kari_kari: its impossible to give a detailled answer without knowing what OS this runs on and what software you are using. But.....
Moving to a clustered solution from a single server setup you are going to find that's there's lots of stuff you need to think about - not least keeping your configs, data and code in sync. But with only 2 machines, its probably not worth the effort of using cluster management software.
I'd strongly recommend that you start by setting up a couple of virtual machines on your local machine so you can try out deploying and managing the 2 systems.
Next thing to think about is what software you run where. splitting the web and DB functionality across 2 machines means that you actually double the probability of a complete outage. OTOH if you set up the 2 machines as both a webserver and database server (with appropriate replication) then the resultant probability of failure is massively reduced - putting some hard numbers on this, if PF=0.001 (or 0.1%) then the architecture you propose has a net PF = 0.001 + 0.001. OTOH if both systems are capable of running in the event of the failure of its counter-part, the net PF =0.001 X 0.001 = 0.000001, or 2000 times more reliable!
But you do need to put some thought into session replication, and mysql replication (master-master is preferable, but master-slave may be more appropriate in some cases).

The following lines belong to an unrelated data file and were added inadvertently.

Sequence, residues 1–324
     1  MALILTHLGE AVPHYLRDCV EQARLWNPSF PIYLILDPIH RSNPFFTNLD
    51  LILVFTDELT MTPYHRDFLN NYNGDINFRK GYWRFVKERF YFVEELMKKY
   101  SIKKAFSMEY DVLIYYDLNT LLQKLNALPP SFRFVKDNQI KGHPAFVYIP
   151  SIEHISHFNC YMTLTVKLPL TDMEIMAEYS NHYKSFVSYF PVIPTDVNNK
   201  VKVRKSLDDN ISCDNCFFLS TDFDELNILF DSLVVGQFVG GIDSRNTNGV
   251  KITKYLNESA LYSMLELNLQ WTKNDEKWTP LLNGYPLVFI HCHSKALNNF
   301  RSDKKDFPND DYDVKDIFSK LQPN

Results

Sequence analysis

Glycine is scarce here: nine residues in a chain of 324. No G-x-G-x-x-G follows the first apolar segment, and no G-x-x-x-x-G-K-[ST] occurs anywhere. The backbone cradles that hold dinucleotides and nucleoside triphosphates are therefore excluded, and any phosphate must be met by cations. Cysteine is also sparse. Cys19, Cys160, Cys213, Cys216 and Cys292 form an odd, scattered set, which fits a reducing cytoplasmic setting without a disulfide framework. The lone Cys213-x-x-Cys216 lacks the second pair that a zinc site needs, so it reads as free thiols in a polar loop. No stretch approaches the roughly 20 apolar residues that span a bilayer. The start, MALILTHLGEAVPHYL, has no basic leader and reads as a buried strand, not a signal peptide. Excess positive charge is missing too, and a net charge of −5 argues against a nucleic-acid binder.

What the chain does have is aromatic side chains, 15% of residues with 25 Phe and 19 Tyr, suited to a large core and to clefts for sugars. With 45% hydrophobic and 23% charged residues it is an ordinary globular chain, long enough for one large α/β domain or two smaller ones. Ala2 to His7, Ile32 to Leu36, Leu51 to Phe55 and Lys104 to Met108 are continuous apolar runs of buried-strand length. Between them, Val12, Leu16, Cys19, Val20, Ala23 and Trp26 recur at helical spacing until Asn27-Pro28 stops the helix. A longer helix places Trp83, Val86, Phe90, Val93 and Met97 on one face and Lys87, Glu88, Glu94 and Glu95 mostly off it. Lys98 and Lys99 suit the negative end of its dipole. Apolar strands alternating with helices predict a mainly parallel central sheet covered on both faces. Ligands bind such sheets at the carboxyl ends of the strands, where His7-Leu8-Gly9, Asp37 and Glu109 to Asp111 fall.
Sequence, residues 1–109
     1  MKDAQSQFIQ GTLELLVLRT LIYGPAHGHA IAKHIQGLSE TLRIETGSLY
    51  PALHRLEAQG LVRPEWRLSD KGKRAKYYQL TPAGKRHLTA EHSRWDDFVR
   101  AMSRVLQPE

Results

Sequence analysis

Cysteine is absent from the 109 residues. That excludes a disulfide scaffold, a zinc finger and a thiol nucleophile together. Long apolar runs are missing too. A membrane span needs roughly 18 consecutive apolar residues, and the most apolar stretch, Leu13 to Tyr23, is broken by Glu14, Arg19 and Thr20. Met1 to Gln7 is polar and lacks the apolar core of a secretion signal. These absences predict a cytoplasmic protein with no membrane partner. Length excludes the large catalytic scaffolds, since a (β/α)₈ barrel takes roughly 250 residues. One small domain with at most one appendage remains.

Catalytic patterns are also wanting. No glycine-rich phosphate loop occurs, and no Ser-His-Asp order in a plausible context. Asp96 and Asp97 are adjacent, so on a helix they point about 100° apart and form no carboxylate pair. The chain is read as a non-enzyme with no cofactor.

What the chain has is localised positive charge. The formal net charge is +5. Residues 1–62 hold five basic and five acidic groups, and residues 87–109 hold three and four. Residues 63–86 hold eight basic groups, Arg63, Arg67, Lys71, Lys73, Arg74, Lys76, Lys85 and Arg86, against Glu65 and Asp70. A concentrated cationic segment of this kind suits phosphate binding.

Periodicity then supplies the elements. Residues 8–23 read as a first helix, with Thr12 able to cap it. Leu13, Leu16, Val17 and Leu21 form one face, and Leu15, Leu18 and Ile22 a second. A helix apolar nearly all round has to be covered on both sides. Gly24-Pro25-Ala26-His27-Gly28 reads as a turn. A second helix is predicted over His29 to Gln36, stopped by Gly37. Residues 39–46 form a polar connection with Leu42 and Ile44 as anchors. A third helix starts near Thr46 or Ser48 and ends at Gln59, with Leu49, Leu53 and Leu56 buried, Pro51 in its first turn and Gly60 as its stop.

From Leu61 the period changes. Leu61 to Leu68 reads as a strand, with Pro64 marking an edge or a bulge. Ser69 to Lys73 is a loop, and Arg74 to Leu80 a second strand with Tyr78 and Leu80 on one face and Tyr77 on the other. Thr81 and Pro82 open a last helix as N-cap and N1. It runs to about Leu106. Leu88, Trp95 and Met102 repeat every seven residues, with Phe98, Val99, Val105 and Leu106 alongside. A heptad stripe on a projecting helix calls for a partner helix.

Regarding mail - I would recommend setting up the second machine as the secondary MX - but only run POP/IMAP services on the primary MX.
Do configure individual ip names for each service/machine combination (this will give you some flexibility later).
For the database failover - until you're very sure that you can automate it fully, do not allow automatic recovery from a failover - however the initial failover should occur quickly and preferably fully automated. Switching ip addresses on a hosted system is not something that most hosting companies will be comfortable with, let alone facilitate - I'd go with implementing the failover (though not necessarily the failover detection) in the application (you don't say what language(s) the site is developed in).
There are lots of guides and discussion of mysql replication elsewhere on the internet. Similar for a secondary MX. As for the webservers - its just a matter of running the same config on both machines and referencing both address in the webservers A DNS records. (Google for Round Robin DNS)